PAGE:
Dar es Salaam to Serengeti & More About How to Get to the Serengeti

Travel the Dar es Salaam to Serengeti distance by road to see the Wildebeest migration

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How Far Is Serengeti From Dar es Salaam?/Dar es Salaam to Serengeti Distance/Distance from Dar es Salaam to Serengeti National Park

The road distance between Dar es Salaam and Naabi Hill gate (which is where you would normally enter the Serengeti from when driving from Dar) is 891 kilometers.

Are you wondering how to get from Dar es Salaam to the Serengeti? If so, you are in the right place. This post is about how to get to the Serengeti National Park from several Tanzanian/East African cities.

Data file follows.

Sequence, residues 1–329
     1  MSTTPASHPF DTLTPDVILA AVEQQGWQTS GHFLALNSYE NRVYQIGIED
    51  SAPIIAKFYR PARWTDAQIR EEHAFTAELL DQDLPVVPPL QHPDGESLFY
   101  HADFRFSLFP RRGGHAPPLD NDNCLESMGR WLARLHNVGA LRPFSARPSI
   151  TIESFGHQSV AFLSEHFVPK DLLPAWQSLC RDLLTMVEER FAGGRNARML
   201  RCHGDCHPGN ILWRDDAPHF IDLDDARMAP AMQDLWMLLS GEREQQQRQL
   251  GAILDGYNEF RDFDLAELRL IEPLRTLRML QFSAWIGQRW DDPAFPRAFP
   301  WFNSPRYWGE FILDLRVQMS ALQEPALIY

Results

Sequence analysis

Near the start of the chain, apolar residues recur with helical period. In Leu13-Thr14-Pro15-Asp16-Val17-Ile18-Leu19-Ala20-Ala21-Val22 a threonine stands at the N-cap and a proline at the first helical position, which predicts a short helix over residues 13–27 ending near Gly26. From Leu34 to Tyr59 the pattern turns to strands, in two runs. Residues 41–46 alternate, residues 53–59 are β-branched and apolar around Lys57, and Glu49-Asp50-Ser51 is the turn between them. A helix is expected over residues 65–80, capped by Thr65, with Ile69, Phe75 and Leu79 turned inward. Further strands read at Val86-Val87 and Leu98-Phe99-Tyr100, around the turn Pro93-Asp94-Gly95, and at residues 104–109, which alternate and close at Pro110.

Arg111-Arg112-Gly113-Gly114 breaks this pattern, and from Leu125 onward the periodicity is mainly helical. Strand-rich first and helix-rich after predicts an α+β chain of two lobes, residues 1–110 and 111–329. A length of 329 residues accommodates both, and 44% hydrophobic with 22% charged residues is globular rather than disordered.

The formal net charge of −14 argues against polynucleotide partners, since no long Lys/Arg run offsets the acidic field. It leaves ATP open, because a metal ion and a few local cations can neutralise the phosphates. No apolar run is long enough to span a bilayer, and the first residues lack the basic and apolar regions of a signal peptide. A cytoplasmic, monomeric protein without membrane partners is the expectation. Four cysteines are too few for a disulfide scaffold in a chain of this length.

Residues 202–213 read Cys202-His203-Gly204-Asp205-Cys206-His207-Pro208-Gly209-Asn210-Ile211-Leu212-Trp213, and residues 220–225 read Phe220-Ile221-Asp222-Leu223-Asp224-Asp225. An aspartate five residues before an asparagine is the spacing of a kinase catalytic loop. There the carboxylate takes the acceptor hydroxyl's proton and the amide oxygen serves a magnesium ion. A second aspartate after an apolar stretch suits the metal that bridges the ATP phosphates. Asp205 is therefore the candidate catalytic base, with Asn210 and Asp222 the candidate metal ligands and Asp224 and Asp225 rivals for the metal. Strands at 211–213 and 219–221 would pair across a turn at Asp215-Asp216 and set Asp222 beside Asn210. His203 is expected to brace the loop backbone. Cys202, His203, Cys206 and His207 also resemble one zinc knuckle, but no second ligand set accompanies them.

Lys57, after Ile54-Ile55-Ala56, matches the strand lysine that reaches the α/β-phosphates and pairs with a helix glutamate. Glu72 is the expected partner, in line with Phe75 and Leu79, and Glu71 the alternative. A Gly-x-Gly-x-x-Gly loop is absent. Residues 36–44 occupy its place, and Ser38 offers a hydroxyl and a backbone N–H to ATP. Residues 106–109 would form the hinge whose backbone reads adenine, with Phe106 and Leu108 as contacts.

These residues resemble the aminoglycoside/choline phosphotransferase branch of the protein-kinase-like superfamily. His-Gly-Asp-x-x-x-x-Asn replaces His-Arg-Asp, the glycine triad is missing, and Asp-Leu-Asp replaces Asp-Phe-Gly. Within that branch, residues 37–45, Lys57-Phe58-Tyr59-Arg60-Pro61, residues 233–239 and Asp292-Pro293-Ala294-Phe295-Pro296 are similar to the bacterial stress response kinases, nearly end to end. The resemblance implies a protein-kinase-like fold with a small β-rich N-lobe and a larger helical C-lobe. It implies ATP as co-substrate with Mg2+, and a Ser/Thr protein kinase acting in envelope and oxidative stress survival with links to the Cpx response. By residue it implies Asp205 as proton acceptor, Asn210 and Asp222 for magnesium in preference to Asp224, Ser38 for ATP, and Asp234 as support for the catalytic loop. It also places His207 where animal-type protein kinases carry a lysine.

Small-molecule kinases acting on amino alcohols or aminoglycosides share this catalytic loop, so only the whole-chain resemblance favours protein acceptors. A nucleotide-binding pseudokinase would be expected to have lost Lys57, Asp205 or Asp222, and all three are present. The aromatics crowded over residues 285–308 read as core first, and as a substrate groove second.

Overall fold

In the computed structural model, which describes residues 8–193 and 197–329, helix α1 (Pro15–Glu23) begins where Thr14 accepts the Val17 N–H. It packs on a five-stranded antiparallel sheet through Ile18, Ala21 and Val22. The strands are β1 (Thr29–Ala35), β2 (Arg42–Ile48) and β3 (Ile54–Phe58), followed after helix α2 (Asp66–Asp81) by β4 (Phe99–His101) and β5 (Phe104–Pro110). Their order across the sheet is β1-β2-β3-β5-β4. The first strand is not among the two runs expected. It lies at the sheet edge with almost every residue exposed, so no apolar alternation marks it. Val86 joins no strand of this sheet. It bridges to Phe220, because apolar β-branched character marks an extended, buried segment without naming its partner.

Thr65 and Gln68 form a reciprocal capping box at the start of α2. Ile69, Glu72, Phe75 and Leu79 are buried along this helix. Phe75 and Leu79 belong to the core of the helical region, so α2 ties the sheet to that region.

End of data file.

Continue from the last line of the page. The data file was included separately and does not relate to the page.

If you haven’t yet processed your visa for Tanzania, click here to view visa requirements for your country as well as to process it online if necessary.

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How to Get from Dar es Salaam to Serengeti/Dar to Serengeti

The easiest way to get to the Serengeti from Dar es Salaam is to fly there.

Dar es Salaam to Serengeti National Park Flight

Coastal Aviation, a local Tanzanian airline, flies daily from Dar es Salaam to several places in the Serengeti.

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Dar es salaam to Serengeti by Road/Dar es Salaam to Serengeti Drive

Alternatively, you can travel from Dar es Salaam to the Serengeti by road (this is a long journey!) The journey takes about 17 hours.

Another alternative is to travel part of the way by air, to either Kilimanjaro International Airport, Arusha Airport, or Mwanza International Airport, and then drive the rest of the way from those airports. This reduces the travel time from Dar es Salaam to the Serengeti  significantly, if you choose not to fly there directly!